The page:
• Change your fluid intake- There are a number of fluids that may affect/irritate the bladder. Some of the common bladder irritants are : caffeinated drinks like tea and coffee, carbonated fizzy drinks, green tea, hot chocolate and alcohol. Some of the common fluids that do not irritate your bladder are: water, caffeine free tea and coffee, herbal teas, all types of diluted juices and milk. Many people with bladder problems reduce the amount of fluid that they drink. DO NOT reduce the fluid intake, as this can make the problem worse as the bladder never gets full and loses the ability to stretch. In addition, the urine becomes concentrated (due to dehydration) which irritates the bladder more. The goal should be to drink 1.5 to 2 liters of fluids a day.

Pelvic floor muscle exercise with or without biofeedback

A pelvic health physical therapist assesses your pelvic floor muscles, both externally and internally (vaginally or rectally). The therapist will also assess your core strength and hip muscle strength. Based on the assessment the physical therapist will prescribe exercises for your pelvic floor muscles and your core/hips as indicated/needed. Sometimes, the pelvic floor muscles are too tight and have tenderness/trigger points. The tight muscles have to be relaxed first, before any strengthening or kegel exercises are prescribed. The therapist can work on these muscles internally and help reduce/release the tightness and tenderness/trigger points. Often times, they will use biofeedback, to help the patient understand and relax the pelvic floor muscles. The biofeedback provides visual and auditory cues to the patient to understand what a pelvic floor contraction/relaxation feels like.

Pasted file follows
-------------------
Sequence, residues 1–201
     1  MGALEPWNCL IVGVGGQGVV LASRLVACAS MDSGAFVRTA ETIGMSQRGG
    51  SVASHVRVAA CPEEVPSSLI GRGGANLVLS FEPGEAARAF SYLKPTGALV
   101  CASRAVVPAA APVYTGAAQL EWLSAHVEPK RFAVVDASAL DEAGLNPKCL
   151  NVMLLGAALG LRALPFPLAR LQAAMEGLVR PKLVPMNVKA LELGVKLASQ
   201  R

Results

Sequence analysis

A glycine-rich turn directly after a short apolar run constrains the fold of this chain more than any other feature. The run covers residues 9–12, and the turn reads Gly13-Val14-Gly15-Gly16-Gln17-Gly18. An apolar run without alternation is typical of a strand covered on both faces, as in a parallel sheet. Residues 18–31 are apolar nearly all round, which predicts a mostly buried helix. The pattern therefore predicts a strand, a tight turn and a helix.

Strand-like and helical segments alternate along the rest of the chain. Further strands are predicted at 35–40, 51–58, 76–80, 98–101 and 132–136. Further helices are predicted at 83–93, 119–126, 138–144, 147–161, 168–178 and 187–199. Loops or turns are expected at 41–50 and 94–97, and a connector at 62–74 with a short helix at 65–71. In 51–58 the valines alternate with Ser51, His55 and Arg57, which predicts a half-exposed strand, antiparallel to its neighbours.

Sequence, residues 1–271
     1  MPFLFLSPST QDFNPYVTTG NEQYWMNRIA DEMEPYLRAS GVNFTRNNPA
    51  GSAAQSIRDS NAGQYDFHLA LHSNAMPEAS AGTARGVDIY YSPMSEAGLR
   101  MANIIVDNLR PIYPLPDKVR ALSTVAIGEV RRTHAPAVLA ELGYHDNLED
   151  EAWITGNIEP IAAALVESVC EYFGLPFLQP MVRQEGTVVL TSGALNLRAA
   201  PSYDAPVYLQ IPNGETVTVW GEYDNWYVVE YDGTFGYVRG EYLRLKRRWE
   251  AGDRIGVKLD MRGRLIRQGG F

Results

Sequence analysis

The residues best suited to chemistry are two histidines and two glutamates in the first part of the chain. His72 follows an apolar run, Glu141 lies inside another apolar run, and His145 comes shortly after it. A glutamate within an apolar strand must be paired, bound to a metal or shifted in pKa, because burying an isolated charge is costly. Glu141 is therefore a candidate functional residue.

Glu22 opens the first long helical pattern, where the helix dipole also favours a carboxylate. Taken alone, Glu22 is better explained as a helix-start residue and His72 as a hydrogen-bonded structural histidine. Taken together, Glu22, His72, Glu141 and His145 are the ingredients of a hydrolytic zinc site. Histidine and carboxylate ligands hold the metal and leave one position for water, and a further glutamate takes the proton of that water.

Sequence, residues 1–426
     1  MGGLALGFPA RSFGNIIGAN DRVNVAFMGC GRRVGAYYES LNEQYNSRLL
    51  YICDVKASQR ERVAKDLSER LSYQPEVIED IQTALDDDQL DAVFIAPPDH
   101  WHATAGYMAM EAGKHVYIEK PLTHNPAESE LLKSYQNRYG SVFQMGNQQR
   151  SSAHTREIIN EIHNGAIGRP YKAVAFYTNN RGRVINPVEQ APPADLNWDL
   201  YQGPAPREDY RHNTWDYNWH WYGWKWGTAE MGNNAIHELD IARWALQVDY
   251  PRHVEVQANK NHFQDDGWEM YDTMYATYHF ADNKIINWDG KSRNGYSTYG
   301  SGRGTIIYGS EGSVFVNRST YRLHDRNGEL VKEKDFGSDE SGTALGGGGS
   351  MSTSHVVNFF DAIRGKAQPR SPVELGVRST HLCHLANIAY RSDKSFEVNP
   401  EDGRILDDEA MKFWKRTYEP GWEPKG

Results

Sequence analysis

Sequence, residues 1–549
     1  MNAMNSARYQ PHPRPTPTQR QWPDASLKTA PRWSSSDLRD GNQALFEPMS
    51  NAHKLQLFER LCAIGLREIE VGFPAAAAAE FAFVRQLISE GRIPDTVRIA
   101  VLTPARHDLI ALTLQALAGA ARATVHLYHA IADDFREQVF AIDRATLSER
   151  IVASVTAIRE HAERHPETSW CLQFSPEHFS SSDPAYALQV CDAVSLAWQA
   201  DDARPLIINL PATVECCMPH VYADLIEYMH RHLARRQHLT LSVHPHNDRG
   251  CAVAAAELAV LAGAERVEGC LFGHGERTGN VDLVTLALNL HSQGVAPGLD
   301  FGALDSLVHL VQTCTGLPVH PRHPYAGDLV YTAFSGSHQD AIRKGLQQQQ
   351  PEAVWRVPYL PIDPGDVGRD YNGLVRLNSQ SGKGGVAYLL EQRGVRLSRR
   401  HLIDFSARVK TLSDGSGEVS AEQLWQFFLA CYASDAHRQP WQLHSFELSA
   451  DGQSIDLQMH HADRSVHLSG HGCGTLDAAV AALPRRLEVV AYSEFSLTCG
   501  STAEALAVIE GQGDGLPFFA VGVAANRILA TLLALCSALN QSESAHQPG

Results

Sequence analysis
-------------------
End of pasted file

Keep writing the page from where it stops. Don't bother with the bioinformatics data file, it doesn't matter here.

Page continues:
(This is just some basic information about urinary incontinence for informational purposes. For any such issues, please contact your physician. If you have any question regarding the information provided here, please email your questions to Falguni Vashi at pelvicrehabpt@gmail.com.)